|The Miracle Worker|
This is what it said:
"Three things I miss about your Papa:
1. Hearing him shout "Fetzer!" either from across a room, or hallway, or on the other end of the phone, in the background.
2. His talent for singing ever-so-subtly off-key.
3. His crazy infectious perma-smile, especially in the context of watching his daughter when she performed on stage. Which I did get to witness.
Thinking of you both today. =) "
Emails like this always arrive out of the blue from Fetzer-- just one of those guys. He'd show up magically in your inbox, and every so often on your doorstep in Detroit, Glasgow, London, or at the stage door in Los Angeles, beaming with pride.
they made a suction noise? I gave him a mold of my hand when we parted ways at the end of school, and after reading the post linked above he sent me this photograph to show that the hand still sat upon his desk.
He gave some rousing performances at Interlochen-- some were in scene-work the world never got to see (a stunning Prince Hal soliloquy, and Oswald in Ghosts come to mind). Then there was the time he staged a particularly naughty experiment with his Senior Directed One-Act of Lord Byron's Love Letter, in which he rehearsed his actors in a fully staged version of the show for his professor, only to wheel out a movie projector and play a silent FILM version of the play that his cast narrated out loud below the screen, to everyone's complete astonishment (and, to the professor, complete horror).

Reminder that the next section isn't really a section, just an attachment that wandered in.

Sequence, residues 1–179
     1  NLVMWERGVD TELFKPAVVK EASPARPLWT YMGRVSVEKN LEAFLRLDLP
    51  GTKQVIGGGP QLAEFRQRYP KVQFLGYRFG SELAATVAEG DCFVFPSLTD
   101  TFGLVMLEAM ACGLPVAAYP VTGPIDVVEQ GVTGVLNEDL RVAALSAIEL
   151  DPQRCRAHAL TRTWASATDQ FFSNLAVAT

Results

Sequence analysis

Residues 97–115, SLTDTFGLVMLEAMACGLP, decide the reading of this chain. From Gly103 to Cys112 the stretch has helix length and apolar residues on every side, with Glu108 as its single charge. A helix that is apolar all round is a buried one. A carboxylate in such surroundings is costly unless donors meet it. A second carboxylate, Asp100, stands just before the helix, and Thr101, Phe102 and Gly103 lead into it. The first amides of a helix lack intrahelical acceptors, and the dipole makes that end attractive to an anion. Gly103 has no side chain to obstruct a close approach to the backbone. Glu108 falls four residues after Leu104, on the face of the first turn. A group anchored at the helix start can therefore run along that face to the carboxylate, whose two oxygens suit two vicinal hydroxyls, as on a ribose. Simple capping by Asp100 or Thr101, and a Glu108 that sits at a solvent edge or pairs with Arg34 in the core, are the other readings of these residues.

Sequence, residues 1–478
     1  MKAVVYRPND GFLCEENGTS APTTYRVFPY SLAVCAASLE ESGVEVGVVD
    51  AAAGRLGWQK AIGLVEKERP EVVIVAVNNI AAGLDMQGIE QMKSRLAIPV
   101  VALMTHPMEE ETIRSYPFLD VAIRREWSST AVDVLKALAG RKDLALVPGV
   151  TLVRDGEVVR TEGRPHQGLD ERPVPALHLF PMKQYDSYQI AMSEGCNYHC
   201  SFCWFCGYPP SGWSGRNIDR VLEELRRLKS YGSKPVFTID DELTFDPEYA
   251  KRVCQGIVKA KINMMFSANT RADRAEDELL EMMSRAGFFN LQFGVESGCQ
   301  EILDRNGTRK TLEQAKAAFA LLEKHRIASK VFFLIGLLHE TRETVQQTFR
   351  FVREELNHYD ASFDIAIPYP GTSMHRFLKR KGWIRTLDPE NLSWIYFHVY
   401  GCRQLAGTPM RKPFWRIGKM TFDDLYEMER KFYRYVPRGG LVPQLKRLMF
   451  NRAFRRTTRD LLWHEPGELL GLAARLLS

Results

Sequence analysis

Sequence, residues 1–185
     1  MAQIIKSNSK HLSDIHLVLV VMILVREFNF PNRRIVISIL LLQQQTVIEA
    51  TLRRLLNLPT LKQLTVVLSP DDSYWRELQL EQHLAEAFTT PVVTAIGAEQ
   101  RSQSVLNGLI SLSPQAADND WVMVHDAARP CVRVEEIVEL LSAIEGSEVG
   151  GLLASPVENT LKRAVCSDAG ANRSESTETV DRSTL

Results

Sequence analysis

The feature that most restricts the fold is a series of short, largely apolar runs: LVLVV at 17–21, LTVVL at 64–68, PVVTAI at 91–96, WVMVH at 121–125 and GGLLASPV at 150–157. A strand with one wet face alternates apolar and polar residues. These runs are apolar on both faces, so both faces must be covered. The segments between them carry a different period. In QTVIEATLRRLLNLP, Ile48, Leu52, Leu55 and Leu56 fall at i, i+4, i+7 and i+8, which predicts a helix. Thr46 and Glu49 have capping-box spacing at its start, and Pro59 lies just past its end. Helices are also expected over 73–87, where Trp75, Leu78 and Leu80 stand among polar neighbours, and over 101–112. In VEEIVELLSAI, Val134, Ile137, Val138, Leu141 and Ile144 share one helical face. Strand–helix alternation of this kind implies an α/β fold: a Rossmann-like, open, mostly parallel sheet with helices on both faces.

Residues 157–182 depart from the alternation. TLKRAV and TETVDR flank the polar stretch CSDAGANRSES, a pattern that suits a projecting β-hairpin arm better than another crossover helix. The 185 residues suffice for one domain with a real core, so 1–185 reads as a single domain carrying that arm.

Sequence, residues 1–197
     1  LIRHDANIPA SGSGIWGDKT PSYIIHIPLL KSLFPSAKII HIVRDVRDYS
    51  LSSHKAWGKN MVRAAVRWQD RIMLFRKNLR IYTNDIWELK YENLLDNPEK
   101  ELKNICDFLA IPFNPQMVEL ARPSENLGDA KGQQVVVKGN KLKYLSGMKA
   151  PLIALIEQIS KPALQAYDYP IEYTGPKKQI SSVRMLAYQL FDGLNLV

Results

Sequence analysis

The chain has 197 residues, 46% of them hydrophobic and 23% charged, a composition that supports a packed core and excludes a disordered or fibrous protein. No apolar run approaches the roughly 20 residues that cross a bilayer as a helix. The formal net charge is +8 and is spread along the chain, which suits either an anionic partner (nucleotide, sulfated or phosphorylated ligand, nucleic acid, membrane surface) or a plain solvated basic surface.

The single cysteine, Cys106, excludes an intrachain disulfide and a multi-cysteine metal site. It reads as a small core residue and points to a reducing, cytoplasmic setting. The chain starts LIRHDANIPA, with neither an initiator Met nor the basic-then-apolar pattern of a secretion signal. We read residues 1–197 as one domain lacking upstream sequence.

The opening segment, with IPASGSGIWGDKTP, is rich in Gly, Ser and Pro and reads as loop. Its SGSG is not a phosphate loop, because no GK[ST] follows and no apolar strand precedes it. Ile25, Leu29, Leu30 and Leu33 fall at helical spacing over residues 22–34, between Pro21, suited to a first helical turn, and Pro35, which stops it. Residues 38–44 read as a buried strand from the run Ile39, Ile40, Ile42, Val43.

Then of course, some of his brilliance was worked in the main-stage shows-- a tortured and annihilating James Keller in The Miracle Worker, where, in one performance when everything at the end of Act 1 went terribly wrong when the door Annie Sullivan was supposed to be locked in "miraculously" opened, he saved the day with his signature wit asking,
"What'd she do--JUMP?"
to rapturous applause.
Not to mention the silent Waiter in She Loves Me--(in fact, I'm having a lot of fond memories of both my Dad and Fetzer this week as I rehearse for She Loves Me at Caramoor.)
He played guitar left handed.
He drew beautiful cartoons.
He smiled with a sweet little smirk.
He wrote gorgeous, hand-written letters and sent them in the actual mail.
He had a wonderful band with his best friend (called Mushman).
He created a theatre company in Salt Lake City to provide culture to the town that was his home.
He believed in, and supported his friends.
He also gave me one of the very best Father's Day memories in recent history.
I am grateful to him.
I have thought of him every year on the occasion since he sent that message.
Isn't life marvelous like that? How a day that once provided joy, in the absence of a father presents so much heartache, but now, I think less of the heartache-- I think of Fetzer's Father's Day Email.
David turned 30 on December 17th last year...
a few days later, he was gone.
Far too soon for anyone, but beyond comprehension for a star so bright.
I am fortunate to have know him and called him a friend.
Anyone that knew him I am certain feels the same.
I hope that in whatever lies beyond, he could hear Dad shout "Fetzer!"from 'across a room, or hallway' as he entered, and I like to think of them taking nice walks out there, without saying a lot, just as they always did.
See you in the stars, David.
And thank you.